David A. Neuman

President

Digital Entertainment Network

Santa Monica

At the top of David A. Neuman's to-do list is "Replace Television" and he's not talking about taking a trip to the local Circuit City.

He's among those focused on creating an entirely new medium.

While many Internet entertainment sites are merely repackaging existing fare from music, TV, and motion pictures, Neuman's Digital Entertainment Network creates original programming. And unlike mainstream media programming, DEN's content is narrowly focused to attract a Generation Y audience (14- to 24-year-olds).

Because Gen Y is such a desirable demographic, and DEN's overhead is relatively low, Neuman's online network doesn't need massive ratings to be economically viable.

Just like teen-agers of generations past, Gen-Yers have great influence over how their peers dress, what they eat, and the music they listen to. So advertisers capturing the attention of this coveted group can influence emerging trends, and even lifelong brand-buying decisions.

"We stay true to the Gen-Y subculture by not having to 'bland-down' our programming," said the 38-year-old Neuman.

Garth Ancier, president of NBC Entertainment, calls him a "visionary... David proved many of us wrong when he left producing to run (education cable operation) Channel One."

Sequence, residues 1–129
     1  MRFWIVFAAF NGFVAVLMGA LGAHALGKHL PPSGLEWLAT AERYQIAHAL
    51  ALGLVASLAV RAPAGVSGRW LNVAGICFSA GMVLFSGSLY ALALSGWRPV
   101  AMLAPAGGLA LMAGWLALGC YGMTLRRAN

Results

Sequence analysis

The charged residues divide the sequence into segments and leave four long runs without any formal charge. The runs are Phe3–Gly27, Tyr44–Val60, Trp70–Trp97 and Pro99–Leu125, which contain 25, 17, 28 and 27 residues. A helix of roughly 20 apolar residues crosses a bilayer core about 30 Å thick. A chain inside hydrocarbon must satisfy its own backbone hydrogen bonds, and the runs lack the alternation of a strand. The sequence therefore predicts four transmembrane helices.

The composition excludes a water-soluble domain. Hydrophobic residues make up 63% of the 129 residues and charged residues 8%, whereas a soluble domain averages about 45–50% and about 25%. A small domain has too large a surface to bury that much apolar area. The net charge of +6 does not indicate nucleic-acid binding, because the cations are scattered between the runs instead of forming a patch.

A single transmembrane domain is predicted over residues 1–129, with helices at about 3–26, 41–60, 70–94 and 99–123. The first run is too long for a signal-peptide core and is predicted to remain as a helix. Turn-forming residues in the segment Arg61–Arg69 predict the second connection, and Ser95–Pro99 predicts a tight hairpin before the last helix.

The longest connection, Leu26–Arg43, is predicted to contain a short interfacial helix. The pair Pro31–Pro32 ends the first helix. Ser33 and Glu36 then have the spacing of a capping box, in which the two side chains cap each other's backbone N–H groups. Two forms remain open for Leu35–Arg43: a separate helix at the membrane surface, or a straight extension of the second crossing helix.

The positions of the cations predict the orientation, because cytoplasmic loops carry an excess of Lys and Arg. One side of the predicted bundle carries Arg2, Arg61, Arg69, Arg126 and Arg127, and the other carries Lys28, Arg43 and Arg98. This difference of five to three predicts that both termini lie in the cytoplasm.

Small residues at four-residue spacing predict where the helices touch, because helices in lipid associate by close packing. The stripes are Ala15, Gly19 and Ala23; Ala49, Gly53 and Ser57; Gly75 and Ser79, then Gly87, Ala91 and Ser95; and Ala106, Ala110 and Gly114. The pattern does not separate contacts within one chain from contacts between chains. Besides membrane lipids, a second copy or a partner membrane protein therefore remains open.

Neuman was Channel One's president of programming from 1992 to 1996, as well as executive producer of its newscast. It obviously influenced his decision to focus on Gen Yers, because Channel One broadcasts its programming to some 12,000 secondary schools nationwide. (The channel has been highly controversial, because it exposes kids to paid ads in school settings. In exchange, Channel One supplies schools with TV sets and programming free of charge.)

In his role at DEN, Neuman is leading the coming broadband parade by targeting that same Gen-Y audience with interactive fare like "Fear of a Punk Planet," the Latino-oriented "Tales from the Eastside," and extreme sports show "Aggronation."

Clicking onto any of the program icons on the site (www.den.com) provides a basic description of the characters, plot setup and back episodes. (All episodes are archived and available at all times, the ultimate form of reruns.) Each show lasts about six to 10 minutes. The site generates revenues by selling banner ads to various advertisers.

Neuman is no neophyte to mainstream TV, having been president of Disney Network Television. But now that he's free of the bureaucracy of network TV, he boldly trumpets its demise. "The days of the network television paradigm are over, and good riddance," he says.

DEN's offerings are tailored to viewing on a computer, rather than TV or movie screens. "Making shows for the Internet impacts the way we shoot, edit, use art direction, and even the wardrobe," says Neuman. "No choppy or blurred pictures here."

That's accomplished by boosting the number of pixels (color dots) in each frame of content, with the result being a smoother streaming.

Far more users will likely be exposed to DEN's growing interactive environment in the months and years ahead, as the number of broadband households skyrockets.

Daniel Guss

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